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Health & Science

Food & Drug Administration is Investigating Possible Link Between Pet Food and Canine Heart Disease

photo of dog
The FDA investigation centers on pet foods containing peas, legumes or potatoes as one of the main ingredients.

With the help of a Northeast Ohio company, the Food and Drug Administration is investigating a link between canine heart disease and dog foods containing legumes.

The FDA warning says the reports of canine dilated cardiomyopathy are "highly unusual" since it is occurring in breeds not usually predisposed to the disease.

The disease can cause an enlarged heart and congestive heart failure. It's usually seen in large dogs such as Great Danes, Saint Bernards and Doberman Pinschers. Although the disease is less common in smaller breeds, recent cases have included Golden and Labrador Retrievers, a bulldog and Miniature Schnauzers.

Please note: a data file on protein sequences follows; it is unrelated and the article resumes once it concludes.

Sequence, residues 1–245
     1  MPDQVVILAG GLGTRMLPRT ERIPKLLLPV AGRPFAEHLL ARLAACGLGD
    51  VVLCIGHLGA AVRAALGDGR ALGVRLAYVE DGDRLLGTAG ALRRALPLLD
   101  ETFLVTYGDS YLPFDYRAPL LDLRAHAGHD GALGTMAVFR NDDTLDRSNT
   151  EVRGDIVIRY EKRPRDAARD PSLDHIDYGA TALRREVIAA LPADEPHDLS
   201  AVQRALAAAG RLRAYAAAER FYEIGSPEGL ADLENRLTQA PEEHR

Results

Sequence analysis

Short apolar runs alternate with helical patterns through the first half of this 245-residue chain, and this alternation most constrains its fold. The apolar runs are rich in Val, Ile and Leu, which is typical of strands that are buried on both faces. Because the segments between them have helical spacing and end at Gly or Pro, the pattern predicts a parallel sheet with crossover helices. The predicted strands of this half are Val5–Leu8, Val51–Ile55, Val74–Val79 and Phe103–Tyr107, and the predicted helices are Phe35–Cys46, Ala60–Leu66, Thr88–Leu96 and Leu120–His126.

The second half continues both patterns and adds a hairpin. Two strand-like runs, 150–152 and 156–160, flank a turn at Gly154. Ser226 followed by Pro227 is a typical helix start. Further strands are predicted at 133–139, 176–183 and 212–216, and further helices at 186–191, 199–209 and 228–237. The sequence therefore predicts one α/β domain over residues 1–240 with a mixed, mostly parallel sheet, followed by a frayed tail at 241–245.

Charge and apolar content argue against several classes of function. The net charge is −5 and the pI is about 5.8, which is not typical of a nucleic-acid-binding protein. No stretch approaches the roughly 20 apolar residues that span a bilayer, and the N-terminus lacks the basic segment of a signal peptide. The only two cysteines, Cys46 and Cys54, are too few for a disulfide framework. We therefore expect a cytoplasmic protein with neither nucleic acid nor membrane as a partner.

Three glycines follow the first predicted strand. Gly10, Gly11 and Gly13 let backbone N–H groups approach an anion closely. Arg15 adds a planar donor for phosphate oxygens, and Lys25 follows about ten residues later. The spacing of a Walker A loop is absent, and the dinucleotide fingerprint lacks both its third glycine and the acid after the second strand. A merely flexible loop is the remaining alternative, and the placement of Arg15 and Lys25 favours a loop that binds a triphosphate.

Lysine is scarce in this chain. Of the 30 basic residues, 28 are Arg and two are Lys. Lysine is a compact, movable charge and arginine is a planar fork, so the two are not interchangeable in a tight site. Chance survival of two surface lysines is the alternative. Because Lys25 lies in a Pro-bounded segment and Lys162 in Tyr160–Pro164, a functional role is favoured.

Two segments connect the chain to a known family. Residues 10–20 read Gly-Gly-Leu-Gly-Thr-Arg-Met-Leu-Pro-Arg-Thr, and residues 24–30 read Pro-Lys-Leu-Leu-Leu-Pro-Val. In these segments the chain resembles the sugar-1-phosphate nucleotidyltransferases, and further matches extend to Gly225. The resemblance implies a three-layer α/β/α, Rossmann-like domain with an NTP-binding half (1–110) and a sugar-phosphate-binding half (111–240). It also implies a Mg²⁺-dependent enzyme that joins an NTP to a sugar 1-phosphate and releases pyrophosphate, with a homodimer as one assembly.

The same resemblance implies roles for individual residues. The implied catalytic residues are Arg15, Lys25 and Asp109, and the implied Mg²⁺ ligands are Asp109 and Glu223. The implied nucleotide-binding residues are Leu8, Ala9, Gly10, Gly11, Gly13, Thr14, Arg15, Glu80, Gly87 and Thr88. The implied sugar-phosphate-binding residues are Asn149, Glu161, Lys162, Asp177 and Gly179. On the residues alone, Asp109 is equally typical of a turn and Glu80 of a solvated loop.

Early reports indicate the impacted animals consistently ate foods containing peas, lentils, other legume seeds or potatoes as main ingredients for months or years.

The FDA is investigating a potential link between those pet foods and the disease.

Orrville-based J.M. Smucker Co. said its in-house veterinarian is partnering with the FDA on the research into potential causes of canine dilated cardiomyopathy, but it’s not clear at this time whether diet plays a role.

Click here to report canine dilated cardiomyopathy.